5 Things To Know About Hong Kong Artist Ellen Pau
1/5Pau started her career in science
Before branching out into the arts, Pau studied Diagnostic Radiography at university and worked as a professional radiographer and mammographer in Queen Mary Hospital.
This may seem a world apart from contemporary art, but much of Pau’s art is concerned with the human body and—perhaps even more pertinently—technology.
2/5Pau doesn’t restrict herself to one medium
When making her own art, Pau works in a wide array of media. The current exhibition at Para Site, Ellen Pau: What About Home Affairs?, showcases the breadth of Pau’s work, tracing her journey from working with rudimentary home video technology in the 1980s to experimenting with augmented reality today.
Pau’s new augmented reality work, titled “I Don’t Have Time to Deal with Fear” was inspired by the discovery of a WWII-era bomb buried in Wan Chai.
3/5Pau is the co-founder of Videotage and founder of the Microwave International New Media Arts Festival
On top of forging her own career as an artist, Pau has been a tireless and vocal supporter of Hong Kong’s art scene. In 1986, she co-founded artists’ collective Videotage with Wong Chi-fai, May Fung and Comyn Mo with the aim of creating an organisation that could support and promote artists working with video and other new media.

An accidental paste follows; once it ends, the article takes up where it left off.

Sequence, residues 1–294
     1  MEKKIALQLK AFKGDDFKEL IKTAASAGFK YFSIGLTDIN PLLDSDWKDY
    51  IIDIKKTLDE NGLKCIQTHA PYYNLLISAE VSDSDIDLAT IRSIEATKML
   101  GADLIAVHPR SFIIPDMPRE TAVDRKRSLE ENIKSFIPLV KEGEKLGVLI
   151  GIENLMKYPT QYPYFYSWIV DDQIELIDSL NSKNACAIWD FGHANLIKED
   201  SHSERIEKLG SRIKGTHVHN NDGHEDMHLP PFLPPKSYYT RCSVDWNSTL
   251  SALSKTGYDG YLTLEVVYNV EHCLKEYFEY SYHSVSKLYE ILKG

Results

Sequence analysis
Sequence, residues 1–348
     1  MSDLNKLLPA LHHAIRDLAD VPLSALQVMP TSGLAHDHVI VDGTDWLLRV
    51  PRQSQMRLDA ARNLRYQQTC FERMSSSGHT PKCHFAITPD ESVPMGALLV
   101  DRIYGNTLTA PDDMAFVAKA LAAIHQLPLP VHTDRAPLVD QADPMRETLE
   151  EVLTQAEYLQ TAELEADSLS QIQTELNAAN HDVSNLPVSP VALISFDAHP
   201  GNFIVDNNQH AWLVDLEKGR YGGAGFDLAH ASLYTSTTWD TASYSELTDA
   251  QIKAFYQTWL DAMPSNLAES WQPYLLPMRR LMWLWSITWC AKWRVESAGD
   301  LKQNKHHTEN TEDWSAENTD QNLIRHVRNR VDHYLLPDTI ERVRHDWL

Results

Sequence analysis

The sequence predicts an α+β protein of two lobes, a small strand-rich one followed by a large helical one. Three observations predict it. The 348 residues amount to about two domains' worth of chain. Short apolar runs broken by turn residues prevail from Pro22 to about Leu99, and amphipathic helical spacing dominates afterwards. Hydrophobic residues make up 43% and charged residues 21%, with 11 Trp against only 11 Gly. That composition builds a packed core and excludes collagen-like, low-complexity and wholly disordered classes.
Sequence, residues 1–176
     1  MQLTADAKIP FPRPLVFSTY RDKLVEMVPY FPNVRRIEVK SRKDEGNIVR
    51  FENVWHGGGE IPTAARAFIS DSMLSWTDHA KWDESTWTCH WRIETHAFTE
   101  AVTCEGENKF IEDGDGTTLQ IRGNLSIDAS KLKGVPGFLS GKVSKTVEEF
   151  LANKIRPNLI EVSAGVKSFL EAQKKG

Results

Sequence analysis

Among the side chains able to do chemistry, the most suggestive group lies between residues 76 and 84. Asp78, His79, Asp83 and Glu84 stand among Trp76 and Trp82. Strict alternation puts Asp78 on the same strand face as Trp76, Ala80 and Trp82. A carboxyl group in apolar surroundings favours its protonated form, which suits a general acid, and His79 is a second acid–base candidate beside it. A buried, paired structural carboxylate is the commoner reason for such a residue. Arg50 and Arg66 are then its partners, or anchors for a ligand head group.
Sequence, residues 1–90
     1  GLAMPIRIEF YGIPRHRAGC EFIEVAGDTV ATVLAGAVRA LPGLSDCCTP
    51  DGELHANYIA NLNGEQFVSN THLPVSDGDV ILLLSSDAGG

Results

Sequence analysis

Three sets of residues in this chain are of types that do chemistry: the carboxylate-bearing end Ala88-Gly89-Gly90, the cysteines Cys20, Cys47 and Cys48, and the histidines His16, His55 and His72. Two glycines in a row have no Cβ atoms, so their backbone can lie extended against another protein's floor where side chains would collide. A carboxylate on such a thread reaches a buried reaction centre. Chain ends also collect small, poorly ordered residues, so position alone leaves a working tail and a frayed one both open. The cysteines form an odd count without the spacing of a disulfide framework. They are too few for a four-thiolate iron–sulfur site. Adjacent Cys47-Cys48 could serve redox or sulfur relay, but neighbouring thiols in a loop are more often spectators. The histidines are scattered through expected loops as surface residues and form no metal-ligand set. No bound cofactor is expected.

Videotage is still going strong today and runs programmes in its exhibition space at Cattle Depot Artist Village, takes part in film festivals and collaborates with events such as Clockenflap.
She is also a co-founder of the Microwave International New Media Arts Festival, which became independent from Videotage in 2006 and is now a well-established festival celebrating video and new media art.
4/5Pau is a member of the M+ Acquisitions Committee
Pau is currently playing an important role in shaping the future of M+, Hong Kong’s upcoming museum of contemporary art and design, as she sits on the M+ Acquisitions Committee.
With her fellow committee members—including Victor Lo, Claire Hsu-Vuchot, Kai-Yin Lo and more—Pau recommends artworks that she thinks M+ should acquire and reviews acquisitions suggested by the museum’s curators.
5/5Pau represented Hong Kong at the Venice Biennale in 2001
The Venice Biennale is arguably the most important exhibition in the world—and in 2001 Hong Kong picked Ellen Pau as one of three artists to represent the city at this global event. Pau exhibited two videos at the biennale. One, titled “Recycling Cinema” was a looped recording of cars and buses speeding along a Hong Kong highway by Victoria Harbour.
Ellen Pau: What About Home Affairs? runs until February 17, 2019 at Para Site, 22/F Wing Wah Industrial Building, 677 King's Rd, Quarry Bay; +852 2517 4620; para-site.org.hk
See also: Art Insider: Adriana Alvarez-Nichol